sentative Henry J. Richardson, Jr., now
pending is to amend the constitution oi
the State of Indiana so that instead oi
reading “the State militia shall be com
posed of able bodied white males” i(
will read “able-bodied male citizens”
thereby opening the opportunity for the
organization of a Negro unit or permit
Negroes to join other units of the mil
itary forces of the state.
Kansas Honors
(By I. A. Gregg)
Topeka, Kansas., March, 17, (ANP)
On Tuesday March 7, Dr. W. M. Blount
State Representative from the 8th dis
trict, was called on to preside over
the state legislature of Kansas. Dr.
Blount is serving his third term as the
representative from his District and
bears the distinction of being the
senior representative from Wyandotte
county. He has served his District with
such ability that he has been returned
twice to his present position, after the
enviable record he made during his
first term, even polling a majority of
the votes of the other group.
In presiding over the House last
Tuesday, Dr. Blount won the hearty
commendation of all his fellow legis
lators both Republican and Democratic,
for the very dignified manner in which
he served, the fairness of his decisions
and the courtesies toward his fellow
This is real history in the great state
of Kansas, for it is the first time that
a colored man has presided over a ses
sion of the Legislature. But that is the
spirit of Kansas, the home of John
Brown. Dr. Blount is the first colored
man to hold a chairmanship of one of
the important committees of the Leg
islature, being chairman of the Com
mittee on Hygiene and Public Health.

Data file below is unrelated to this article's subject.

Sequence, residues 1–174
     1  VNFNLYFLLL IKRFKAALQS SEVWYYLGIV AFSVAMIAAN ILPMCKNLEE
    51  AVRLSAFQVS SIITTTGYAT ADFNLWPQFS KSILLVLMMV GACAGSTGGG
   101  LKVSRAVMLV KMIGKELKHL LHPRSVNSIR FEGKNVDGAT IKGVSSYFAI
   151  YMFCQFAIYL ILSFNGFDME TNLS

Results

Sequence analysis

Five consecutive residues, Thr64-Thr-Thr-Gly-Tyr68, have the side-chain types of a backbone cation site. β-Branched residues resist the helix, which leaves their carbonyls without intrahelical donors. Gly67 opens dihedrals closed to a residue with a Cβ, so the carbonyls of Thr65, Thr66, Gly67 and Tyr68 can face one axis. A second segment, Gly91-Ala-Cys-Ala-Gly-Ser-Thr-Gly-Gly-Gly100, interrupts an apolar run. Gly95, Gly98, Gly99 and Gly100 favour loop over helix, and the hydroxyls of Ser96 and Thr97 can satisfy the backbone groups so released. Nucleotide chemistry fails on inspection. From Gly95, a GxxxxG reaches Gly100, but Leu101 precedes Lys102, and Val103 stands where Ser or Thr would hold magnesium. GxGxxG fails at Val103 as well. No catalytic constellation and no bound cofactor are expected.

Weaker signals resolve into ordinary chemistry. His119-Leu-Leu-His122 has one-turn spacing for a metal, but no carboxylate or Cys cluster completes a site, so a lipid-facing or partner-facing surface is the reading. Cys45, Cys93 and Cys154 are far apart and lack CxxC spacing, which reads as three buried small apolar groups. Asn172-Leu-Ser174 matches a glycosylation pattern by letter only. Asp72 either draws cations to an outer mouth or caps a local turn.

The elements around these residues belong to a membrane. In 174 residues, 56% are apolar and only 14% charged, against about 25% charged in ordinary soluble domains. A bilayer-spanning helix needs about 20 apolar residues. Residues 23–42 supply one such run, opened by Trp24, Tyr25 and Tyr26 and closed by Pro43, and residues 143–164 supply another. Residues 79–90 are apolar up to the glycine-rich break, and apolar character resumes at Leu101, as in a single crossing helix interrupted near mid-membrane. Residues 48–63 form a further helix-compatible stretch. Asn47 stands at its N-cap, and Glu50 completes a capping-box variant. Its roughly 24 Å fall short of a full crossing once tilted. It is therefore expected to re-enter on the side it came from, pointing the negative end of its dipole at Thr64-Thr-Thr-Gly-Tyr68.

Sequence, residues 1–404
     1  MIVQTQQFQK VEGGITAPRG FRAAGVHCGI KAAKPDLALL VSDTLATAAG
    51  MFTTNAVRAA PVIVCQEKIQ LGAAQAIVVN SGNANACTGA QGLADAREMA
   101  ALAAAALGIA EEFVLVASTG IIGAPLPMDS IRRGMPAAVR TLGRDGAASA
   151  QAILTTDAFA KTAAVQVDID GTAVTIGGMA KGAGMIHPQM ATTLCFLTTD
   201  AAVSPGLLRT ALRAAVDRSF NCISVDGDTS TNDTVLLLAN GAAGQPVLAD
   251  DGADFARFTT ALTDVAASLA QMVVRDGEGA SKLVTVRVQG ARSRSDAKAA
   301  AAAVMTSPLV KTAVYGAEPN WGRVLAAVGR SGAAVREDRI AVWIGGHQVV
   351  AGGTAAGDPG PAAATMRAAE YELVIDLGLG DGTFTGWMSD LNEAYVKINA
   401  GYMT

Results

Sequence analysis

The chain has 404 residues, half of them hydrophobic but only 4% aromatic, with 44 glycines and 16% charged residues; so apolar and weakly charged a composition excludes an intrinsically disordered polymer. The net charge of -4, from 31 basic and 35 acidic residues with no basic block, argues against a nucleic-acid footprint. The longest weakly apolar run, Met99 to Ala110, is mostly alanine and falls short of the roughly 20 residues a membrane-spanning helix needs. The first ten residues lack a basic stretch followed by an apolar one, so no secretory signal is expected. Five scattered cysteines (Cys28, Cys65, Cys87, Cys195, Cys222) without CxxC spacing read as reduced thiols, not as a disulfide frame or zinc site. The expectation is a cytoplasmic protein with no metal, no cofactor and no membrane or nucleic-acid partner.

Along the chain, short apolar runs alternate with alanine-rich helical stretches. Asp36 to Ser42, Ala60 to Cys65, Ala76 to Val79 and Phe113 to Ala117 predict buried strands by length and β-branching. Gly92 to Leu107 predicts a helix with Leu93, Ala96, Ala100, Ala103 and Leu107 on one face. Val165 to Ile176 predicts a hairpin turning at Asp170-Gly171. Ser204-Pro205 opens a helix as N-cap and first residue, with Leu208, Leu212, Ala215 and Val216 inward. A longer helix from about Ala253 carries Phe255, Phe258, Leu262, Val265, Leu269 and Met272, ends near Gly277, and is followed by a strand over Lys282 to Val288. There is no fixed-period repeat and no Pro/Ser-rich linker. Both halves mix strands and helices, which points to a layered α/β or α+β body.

He is sought by fellow members for his
advice on all matters affecting legisla
tion because of his knowledge on
State affairs and his sane leadership.
Daurens, S. C., March 17th (ANP)
A few minutes after Deputy Sheriff
Press Crawford had captured Barney
Smith, sought for an attack on a wo
man, a posse of 100 armed white men,
arrived at the scene of the capture in
search of Smith. The men went to the
jail here and demanded entry. The
jailor, J. T. Clem, permitted a commi
ttee of three to search the jail, but
Crawford had taken the prisoner to the
state prison at Columbia for safekeep
ing. Members off the posse stated o
penly that they would lynch Smith if
they found him.
The great depression and the econ
omic condition of our country have
caused many banks to close. The Pre
sident of the United States declared a
I “Bank Holiday.” Many business ins
titutions have been hit hard because
of the results of the depression.
| The Weekly Echo that comes to your
home once a week has hit hard, and
yet we have not missed an issue during
all of these depressed times and con
ditions. We are proud to know that we
have been able thus far, to publish
our paper each week, thereby, giving
you the news that you desire to read.
Columbia, S. C., March 17th (ANP)
If a measure introduced into the state
senate here this week becomes law, pro
perty of the Ku Klux Klan in this city
will be exempted from taxation, Sena
tor James H. Hammond spoke for the
He said that the property referred to
in the bill as that of the Richland Ed
ucational Association, was in reality
property of the Ku Klux Klan under
another name He said that it would J
be exempt from taxation the same as
that of churches and fraternal orders.
Cut And 7 hen Raise
President Hale’s
Nashville, Tenn., March, 17th (ANP) *
The wave of economy which swept ■
over the Tennessee Legislature Last
week, resulted in drastic cuts for
heads of the state’s educational insti- j
tutions. President W. J. Hale of the
Agricultural and Industrial college had
his salary reduced to $2000 per year, i
when the general appropriation bill
was passed by the house. The salary
of the president of the University of
Tennessee was lowered to $2000 per
year, and that of the president of the
Tenn. Polytechnic institute, to $2400. j
An amendment passed later raised the
latter two, including President Hale to
$2700. (Juts were made in tne salaries
of many of the state officials and em